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International Urogynecology Journal

, Volume 26, Issue 5, pp 675–683 | Cite as

Stem cell augmented mesh materials: an in vitro and in vivo study

  • Federico Spelzini
  • Stefano ManodoroEmail author
  • Matteo Frigerio
  • Gabriella Nicolini
  • Daniele Maggioni
  • Elisabetta Donzelli
  • Lina Altomare
  • Silvia Farè
  • Fanny Veneziano
  • Federica Avezza
  • Giovanni Tredici
  • Rodolfo Milani
Original Article

Abstract

Introduction and hypothesis

To test in vitro and in vivo the capability of mesh materials to act as scaffolds for rat-derived mesenchymal stem cells (rMSCs) and to compare inflammatory response and collagen characteristics of implant materials, either seeded or not with rMSCs.

Methods

rMSCs isolated from rat bone marrow were seeded and cultured in vitro on four different implant materials. Implants showing the best rMSC proliferation rate were selected for the in vivo experiment. Forty-eight adult female Sprague–Dawley rats were randomly divided into two treatment groups. The implant of interest—either seeded or not with rMSCs—was laid and fixed over the muscular abdominal wall. Main outcome measures were: in vitro, proliferation of rMSCs on selected materials; in vivo, the occurrence of topical complications, the evaluation of systemic and local inflammatory response and examination of the biomechanical properties of explants.

Results

Surgisis and Pelvitex displayed the best cell growth in vitro. At 90 days in the rat model, rMSCs were related to a lower count of neutrophil cells for Pelvitex and a greater organisation and collagen amount for Surgisis. At 7 days Surgisis samples seeded with rMSCs displayed higher breaking force and stiffness.

Conclusions

The presence of rMSCs reduced the systemic inflammatory response on synthetic implants and improved collagen characteristics at the interface between biological grafts and native tissues. rMSCs enhanced the stripping force on biological explants.

Keywords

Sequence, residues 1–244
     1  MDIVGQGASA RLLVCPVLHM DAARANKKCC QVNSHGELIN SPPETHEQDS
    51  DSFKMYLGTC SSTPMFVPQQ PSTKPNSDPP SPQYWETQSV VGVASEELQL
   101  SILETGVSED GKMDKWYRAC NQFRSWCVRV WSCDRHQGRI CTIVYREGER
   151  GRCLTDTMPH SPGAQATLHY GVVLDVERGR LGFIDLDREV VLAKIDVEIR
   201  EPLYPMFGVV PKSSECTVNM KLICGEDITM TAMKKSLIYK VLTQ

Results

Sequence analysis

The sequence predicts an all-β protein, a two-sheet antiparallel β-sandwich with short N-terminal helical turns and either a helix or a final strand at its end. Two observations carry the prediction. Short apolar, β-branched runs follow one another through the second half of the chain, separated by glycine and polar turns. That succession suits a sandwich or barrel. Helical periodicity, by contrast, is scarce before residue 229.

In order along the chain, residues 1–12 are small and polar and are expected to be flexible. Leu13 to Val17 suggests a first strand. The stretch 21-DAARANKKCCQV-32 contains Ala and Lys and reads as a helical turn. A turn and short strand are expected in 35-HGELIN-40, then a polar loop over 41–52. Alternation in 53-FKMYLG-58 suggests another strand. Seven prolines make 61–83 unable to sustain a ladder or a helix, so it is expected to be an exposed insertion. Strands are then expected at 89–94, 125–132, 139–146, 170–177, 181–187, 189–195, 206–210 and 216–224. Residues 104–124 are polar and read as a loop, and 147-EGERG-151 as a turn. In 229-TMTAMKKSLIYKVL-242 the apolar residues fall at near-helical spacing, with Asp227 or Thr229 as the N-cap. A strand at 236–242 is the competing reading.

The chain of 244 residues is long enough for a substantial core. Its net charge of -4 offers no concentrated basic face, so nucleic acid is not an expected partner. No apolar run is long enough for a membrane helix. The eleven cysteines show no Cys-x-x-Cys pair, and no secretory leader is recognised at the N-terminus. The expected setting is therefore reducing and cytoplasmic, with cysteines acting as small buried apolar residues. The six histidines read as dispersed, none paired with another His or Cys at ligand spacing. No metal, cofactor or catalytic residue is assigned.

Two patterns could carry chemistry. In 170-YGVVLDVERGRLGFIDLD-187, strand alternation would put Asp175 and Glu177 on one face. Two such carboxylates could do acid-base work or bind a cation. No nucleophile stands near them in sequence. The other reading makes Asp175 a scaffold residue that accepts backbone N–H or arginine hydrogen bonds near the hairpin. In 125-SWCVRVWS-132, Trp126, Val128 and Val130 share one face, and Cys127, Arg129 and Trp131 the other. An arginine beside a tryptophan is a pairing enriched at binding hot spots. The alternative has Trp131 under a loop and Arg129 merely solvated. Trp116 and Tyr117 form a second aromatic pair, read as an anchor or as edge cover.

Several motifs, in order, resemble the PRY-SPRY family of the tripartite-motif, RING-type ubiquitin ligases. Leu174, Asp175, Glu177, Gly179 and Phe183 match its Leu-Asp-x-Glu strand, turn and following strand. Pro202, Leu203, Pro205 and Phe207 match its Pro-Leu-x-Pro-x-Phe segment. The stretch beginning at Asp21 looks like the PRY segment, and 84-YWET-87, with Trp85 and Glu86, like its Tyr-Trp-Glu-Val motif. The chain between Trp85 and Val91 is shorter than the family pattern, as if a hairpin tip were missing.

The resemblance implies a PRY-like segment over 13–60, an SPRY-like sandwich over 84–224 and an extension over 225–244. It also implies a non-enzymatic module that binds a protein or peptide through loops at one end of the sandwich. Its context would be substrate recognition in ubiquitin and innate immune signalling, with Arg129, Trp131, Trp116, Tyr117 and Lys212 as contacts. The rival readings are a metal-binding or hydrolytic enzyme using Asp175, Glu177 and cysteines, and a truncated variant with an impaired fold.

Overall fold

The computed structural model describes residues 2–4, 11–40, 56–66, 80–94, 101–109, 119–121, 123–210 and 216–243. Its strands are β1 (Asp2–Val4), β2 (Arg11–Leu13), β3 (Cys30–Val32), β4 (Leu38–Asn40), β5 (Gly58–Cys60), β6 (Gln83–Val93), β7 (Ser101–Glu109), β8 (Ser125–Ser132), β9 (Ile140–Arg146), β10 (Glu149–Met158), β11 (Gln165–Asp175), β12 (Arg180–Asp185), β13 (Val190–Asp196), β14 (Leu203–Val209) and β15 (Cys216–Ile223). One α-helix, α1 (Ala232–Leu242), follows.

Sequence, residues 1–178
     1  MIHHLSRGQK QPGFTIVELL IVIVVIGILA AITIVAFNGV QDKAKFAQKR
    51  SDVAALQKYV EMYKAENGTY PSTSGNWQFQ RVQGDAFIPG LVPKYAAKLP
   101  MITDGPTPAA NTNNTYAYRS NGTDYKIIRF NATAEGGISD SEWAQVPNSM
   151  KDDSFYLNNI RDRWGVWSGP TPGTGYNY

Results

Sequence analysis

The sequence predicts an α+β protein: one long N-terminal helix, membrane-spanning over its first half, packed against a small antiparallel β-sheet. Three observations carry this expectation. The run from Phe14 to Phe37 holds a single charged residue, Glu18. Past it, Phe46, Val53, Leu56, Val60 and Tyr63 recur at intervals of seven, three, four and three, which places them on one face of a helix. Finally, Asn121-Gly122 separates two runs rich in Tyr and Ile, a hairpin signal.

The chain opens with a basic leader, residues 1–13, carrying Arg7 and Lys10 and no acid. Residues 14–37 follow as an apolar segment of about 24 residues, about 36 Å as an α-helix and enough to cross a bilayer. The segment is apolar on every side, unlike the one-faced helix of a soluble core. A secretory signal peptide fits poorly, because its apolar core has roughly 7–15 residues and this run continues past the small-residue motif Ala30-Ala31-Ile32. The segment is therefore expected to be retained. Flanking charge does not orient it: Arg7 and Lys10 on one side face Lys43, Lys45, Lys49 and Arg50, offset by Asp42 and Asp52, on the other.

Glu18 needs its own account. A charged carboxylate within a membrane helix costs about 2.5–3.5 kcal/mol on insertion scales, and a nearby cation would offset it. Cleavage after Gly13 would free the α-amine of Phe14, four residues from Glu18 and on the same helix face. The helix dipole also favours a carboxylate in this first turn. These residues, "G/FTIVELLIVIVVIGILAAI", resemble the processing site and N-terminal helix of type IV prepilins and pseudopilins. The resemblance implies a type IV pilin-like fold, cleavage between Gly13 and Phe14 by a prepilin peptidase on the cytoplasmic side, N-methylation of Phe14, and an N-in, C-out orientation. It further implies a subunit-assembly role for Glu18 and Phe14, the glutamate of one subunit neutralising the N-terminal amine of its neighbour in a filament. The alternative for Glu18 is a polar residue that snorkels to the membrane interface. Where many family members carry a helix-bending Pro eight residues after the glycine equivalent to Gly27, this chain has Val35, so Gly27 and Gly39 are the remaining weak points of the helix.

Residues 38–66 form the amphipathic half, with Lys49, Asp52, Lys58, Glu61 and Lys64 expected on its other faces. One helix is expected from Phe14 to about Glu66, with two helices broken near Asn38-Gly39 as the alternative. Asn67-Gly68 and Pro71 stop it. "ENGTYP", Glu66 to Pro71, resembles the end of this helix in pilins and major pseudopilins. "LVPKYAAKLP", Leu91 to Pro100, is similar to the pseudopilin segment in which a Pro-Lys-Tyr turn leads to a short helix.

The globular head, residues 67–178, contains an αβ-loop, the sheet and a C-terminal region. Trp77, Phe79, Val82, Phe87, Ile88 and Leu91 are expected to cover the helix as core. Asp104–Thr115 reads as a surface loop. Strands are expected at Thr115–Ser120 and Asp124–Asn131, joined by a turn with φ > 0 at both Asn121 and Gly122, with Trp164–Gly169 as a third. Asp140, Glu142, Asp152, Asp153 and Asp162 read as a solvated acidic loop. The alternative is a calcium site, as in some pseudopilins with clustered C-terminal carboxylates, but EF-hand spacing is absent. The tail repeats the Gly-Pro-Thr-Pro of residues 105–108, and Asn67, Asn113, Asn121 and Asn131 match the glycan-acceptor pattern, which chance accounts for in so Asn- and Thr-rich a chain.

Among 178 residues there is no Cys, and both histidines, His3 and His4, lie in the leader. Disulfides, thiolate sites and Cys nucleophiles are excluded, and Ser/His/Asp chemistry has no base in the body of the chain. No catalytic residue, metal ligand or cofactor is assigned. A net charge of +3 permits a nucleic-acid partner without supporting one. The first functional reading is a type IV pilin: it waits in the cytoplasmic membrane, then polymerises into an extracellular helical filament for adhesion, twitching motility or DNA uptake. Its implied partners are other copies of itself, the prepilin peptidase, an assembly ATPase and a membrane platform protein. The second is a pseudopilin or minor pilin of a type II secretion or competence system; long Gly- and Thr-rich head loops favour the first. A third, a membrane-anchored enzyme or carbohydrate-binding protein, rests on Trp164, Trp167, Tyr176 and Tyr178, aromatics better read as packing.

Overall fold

Mesh Stem cells Graft-related complications 

Abbreviations

Fmax

Maximum force before the separation of the mesh from the abdominal wall

FBGC

Foreign body giant cells

H&E

Haematoxylin/eosin

MSCs

Mesenchymal stem cells

PMN

Polymorphonuclear cells

PN

Pelvitex without rMSCs

POP

Pelvic organ prolapse

PP

Polypropylene

PS

Pelvitex with rMSCs

rMSCs

Rat-derived mesenchymal stem cells

S

Stiffness

S30%

Secant modulus at 30 % elongation

S50%

Secant modulus at 50 % elongation

SIS

Small intestine submucosa

SN

Small intestine submucosa without rMSCs

SS

Small intestine submucosa with rMSCs

Δlmax

Maximum elongation before the separation of the mesh from the abdominal wall

Notes

Conflicts of interest

None.

Supplementary material

192_2014_2570_MOESM1_ESM.pdf (61 kb)
ESM 1 (PDF 61 kb)
192_2014_2570_MOESM2_ESM.doc (20 kb)
ESM 2 (DOC 19 kb)

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Copyright information

© The International Urogynecological Association 2014

Authors and Affiliations

  • Federico Spelzini
    • 1
  • Stefano Manodoro
    • 1
    • 2
    Email author
  • Matteo Frigerio
    • 1
  • Gabriella Nicolini
    • 3
  • Daniele Maggioni
    • 3
  • Elisabetta Donzelli
    • 3
  • Lina Altomare
    • 4
  • Silvia Farè
    • 4
  • Fanny Veneziano
    • 1
  • Federica Avezza
    • 3
  • Giovanni Tredici
    • 3
  • Rodolfo Milani
    • 1
  1. 1.Department of Obstetrics and Gynaecology, San Gerardo HospitalUniversity of Milano-BicoccaMonzaItaly
  2. 2.Department of Obstetrics and GynaecologyHospital of DesioDesioItaly
  3. 3.Department of Surgery and Interdisciplinary MedicineUniversity of Milano-BicoccaMonzaItaly
  4. 4.Department of Chemistry, Materials and Chemical Engineering “G. Natta” Politecnico di MilanoMilanItaly

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